My Patreon page is now live, so please go show some love there as well. I’d like to make some upgrades to my videos to enhance your viewing pleasure, and any support would be greatly appreciated!
Cheers,

Fey

Patreon: https://www.patreon.com/FeyFitness

Instagram: https://www.instagram.com/fey_fitness

YouTube: https://www.youtube.com/c/FeyFitness

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Cooking Shows

Ward Off Bad Health With Oranges

Hello and welcome to today’s installment of Cooking with Fey! With flu season sneaking up on us, I thought we should talk about the first fruit that comes to mind when we think about boosting our immune system- oranges.

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Why oranges, you say? Because oranges boost your immune system, reduce free radicals in the body, ward off some forms of heart disease and keep our skin looking youthful. That’s a lot of benefit from one little fruit!

So with all that in mind, let’s break down how oranges are able to make such wonderful boasts about helping us live a healthy lifestyle.

But before I forget, oranges are also an excellent source of:

  • Vitamin C
  • Fiber
  • Folate
  • Potassium
  • Thiamin
  • Antioxidants

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As you may know, oranges are a fantastic source of Vitamin C, which is an important nutrient linked to immune system health. Having a strong immune system helps the body ward off illness or recover faster from sickness. Which is especially important now that cold weather seems to be here to stay for most parts of America.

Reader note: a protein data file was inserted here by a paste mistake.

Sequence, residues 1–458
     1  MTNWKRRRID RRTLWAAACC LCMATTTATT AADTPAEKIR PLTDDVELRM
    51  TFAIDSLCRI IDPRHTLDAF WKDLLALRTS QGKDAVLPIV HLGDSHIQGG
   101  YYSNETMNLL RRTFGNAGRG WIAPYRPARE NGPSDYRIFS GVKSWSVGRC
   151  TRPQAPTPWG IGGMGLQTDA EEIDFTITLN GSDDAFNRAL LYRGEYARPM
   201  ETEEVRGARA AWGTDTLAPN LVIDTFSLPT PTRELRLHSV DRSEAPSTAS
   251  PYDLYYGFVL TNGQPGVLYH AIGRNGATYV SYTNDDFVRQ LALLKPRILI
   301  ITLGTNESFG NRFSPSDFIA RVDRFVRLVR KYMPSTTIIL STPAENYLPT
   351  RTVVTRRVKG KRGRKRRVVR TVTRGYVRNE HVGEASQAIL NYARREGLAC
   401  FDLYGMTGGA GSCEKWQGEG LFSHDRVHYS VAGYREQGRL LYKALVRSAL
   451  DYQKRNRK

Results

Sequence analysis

Vitamin C is also great for the heart. In a research study published by the Harvard School of Public Health, the diets of 126,399 adults were examined over the course of many years to reveal that for every serving of fruits and vegetables a person consumed, there was a 4% reduction in their risk of developing coronary heart disease. The study also pointed out that leafy green vegetables and foods high in Vitamin C, like oranges, had the largest positive impact.

Other studies have found that activities such as daily walking, combined with orange intake, can reduce blood pressure. So if you are concerned about your heart health talk to your doctor about adding oranges to your diet.

Vitamin C also increases iron absorption in the body, so if you suffer from an iron deficiency or anemia, then oranges might be the answer you’ve been looking for.

If you suffer from frequent kidney stones, then try reaching for oranges to help minimize the chances of getting these uncomfortable stones in the future. The citric acid found in oranges can increase urine volume and decrease calcium levels in urine- which leads to less buildup to form kidney stones.

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Fiber is necessary in our diet for improving how the digestive system functions, and fiber feeds the good bacteria that live within our digestive tract. I know, not the prettiest thing to think about, but a healthy digestive system means a healthy you. And on the bright side, a diet with healthy levels of fiber can aid in weight loss and lowering our cholesterol levels!